FIG. 16. is a top elevation view of installed clips next to an interlink/sensor assembly.
FIG. 17. is a top view in cross section of an installed interlink/sensor assembly encapsulated within an overmold.
FIG. 18. is a perspective view of an installed interlink/sensor assembly and overmold in the cable of FIG. 1.
FIG. 19. is a perspective view of an installed interlink/sensor assembly where the interlink is internal to the sensor device.
FIG. 20. is a side view of in cross section of a portion of the cable of FIG. 1 between nodes.
FIG. 1 shows a sensor array cable 1 that includes interlink/sensor assemblies 5 at various locations along its length, denoted nodes 2.
FIG. 2 illustrates components of an embodiment of interlink/sensor assembly 5 in partial cross section which comprises interlink 6 and sensor device 3 which when combined form interlink/sensor assembly 5.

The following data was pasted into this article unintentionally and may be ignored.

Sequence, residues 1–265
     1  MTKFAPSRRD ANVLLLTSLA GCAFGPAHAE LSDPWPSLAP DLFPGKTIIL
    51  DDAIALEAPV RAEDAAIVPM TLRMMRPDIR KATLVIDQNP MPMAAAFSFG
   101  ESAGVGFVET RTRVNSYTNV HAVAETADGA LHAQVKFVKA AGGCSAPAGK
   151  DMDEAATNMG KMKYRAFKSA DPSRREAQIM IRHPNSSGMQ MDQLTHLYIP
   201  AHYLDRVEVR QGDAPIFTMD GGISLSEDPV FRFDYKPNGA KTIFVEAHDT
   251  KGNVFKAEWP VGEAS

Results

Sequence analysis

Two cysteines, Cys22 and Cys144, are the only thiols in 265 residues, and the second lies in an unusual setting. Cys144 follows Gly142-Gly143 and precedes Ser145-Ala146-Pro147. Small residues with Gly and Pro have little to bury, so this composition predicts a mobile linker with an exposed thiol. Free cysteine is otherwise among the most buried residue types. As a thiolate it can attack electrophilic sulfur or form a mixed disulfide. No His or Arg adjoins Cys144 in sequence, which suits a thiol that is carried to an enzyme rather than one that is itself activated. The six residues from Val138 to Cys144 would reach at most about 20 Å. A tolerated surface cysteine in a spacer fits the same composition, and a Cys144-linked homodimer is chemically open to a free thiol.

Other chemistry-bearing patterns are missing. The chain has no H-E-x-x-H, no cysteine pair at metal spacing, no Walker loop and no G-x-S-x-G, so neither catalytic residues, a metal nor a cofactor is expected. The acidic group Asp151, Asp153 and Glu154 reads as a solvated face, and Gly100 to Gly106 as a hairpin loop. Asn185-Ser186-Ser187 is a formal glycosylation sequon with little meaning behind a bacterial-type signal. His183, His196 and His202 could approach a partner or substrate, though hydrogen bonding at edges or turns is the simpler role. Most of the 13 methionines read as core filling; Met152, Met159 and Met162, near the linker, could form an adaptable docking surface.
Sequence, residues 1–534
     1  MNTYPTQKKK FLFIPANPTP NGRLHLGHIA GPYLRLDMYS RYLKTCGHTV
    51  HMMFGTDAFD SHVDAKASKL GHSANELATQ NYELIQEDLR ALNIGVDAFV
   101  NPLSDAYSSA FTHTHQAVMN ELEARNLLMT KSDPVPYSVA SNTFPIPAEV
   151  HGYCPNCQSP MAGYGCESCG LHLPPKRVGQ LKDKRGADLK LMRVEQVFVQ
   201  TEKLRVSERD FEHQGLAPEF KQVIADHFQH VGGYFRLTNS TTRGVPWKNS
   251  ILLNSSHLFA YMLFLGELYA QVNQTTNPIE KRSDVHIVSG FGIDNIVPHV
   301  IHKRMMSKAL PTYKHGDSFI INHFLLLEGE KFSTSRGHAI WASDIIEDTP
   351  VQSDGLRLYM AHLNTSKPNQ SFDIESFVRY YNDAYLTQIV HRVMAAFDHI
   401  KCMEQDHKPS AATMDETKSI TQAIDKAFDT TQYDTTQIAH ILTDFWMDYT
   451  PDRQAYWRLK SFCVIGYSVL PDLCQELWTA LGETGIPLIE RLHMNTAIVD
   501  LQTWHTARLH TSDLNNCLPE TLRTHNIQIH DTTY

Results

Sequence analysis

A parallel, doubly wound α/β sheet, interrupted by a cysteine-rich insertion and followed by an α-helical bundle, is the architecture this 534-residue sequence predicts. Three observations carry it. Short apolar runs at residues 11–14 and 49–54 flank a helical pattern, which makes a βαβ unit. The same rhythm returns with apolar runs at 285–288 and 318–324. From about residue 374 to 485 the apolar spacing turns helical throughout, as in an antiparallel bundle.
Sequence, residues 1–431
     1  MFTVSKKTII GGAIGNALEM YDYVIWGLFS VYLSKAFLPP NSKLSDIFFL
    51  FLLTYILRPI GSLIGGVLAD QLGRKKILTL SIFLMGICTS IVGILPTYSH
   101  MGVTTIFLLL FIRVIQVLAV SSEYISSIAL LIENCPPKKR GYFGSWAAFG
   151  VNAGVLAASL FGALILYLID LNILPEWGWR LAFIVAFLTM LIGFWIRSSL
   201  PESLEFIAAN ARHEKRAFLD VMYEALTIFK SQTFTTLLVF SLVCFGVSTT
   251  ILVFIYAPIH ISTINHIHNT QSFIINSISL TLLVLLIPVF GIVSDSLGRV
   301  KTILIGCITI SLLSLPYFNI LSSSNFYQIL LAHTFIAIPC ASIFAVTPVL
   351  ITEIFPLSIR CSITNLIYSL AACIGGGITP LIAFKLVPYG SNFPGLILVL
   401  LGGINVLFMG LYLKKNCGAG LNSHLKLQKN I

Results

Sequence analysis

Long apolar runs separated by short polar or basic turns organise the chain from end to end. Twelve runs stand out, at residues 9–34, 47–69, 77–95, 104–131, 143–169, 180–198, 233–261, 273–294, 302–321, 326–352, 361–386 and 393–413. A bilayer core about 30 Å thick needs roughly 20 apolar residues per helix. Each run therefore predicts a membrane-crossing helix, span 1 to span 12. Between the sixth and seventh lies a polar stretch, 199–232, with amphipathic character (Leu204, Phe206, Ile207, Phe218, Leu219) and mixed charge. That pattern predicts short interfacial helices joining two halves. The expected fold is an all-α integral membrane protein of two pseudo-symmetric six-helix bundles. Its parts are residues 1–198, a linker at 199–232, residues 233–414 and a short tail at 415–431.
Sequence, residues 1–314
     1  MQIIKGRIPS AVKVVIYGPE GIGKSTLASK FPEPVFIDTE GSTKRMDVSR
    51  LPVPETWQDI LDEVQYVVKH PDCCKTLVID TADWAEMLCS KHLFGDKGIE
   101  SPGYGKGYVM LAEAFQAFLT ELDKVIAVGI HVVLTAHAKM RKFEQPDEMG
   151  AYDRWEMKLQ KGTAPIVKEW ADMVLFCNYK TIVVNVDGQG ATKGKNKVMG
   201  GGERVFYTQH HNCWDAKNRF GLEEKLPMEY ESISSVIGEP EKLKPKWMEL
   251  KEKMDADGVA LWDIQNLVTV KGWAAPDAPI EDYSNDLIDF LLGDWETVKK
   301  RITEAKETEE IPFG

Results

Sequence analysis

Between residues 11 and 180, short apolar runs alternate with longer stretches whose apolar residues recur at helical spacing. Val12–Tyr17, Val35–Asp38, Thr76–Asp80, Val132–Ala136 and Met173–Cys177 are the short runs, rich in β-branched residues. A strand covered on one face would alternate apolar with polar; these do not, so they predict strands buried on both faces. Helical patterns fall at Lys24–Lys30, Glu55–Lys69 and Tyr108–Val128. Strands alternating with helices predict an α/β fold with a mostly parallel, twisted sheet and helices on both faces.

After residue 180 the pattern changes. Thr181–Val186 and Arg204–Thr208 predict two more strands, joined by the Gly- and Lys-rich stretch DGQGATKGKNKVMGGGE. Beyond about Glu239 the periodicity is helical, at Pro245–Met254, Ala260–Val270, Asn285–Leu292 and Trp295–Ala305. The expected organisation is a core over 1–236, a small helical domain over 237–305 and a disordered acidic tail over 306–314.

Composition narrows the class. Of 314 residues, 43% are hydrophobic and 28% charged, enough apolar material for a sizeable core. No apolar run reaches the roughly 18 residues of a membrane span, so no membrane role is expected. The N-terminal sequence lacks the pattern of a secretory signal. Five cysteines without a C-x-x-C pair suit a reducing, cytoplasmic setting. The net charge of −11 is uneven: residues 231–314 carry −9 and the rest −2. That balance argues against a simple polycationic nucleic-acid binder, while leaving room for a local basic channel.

Interlink 6 allows sensor device 3 to be quickly and inexpensively installed into cable 1 while still maintaining the tensile strength of cable 1. Interlink 6 is a structure preferably of appropriate shape and composition to evenly and continuously transmit mechanical stresses. Interlink 6 may be made of a plastic material such as engineering thermoplastic, or of a composite material such as glass reinforced epoxy, although this is not required and other suitable materials such as aluminum may be used as well, or a combination of materials may be used. In a preferred embodiment interlink 6 is internal to sensor device 3 as is illustrated in FIG. 19. FIGS. 2 and 3 shows an alternative embodiment where interlink 6 is an external structure that contains sensor device 3.